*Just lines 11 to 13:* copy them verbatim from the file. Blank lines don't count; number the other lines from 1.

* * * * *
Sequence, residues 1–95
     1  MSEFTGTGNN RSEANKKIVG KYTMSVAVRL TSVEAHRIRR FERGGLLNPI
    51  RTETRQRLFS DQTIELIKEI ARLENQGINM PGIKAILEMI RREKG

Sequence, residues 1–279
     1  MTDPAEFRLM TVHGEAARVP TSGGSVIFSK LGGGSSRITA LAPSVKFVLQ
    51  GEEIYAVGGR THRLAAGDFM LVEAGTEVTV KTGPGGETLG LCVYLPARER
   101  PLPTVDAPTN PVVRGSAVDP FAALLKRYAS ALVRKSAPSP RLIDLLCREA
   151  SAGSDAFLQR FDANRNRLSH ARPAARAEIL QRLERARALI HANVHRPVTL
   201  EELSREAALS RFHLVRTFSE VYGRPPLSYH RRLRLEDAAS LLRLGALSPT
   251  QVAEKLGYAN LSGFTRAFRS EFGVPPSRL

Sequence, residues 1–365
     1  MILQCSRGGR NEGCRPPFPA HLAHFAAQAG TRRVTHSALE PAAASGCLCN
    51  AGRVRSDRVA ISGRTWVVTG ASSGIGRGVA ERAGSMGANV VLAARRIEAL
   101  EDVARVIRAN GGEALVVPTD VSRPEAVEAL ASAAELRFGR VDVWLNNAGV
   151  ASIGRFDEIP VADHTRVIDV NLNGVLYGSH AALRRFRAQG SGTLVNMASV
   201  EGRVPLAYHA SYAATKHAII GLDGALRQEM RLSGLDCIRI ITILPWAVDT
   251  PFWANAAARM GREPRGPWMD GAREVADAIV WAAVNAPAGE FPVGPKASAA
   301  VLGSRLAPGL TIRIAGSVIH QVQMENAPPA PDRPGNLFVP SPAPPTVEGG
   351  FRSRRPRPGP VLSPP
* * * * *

Sequence, residues 1–365
     1  MILQCSRGGR NEGCRPPFPA HLAHFAAQAG TRRVTHSALE PAAASGCLCN
    51  AGRVRSDRVA ISGRTWVVTG ASSGIGRGVA ERAGSMGANV VLAARRIEAL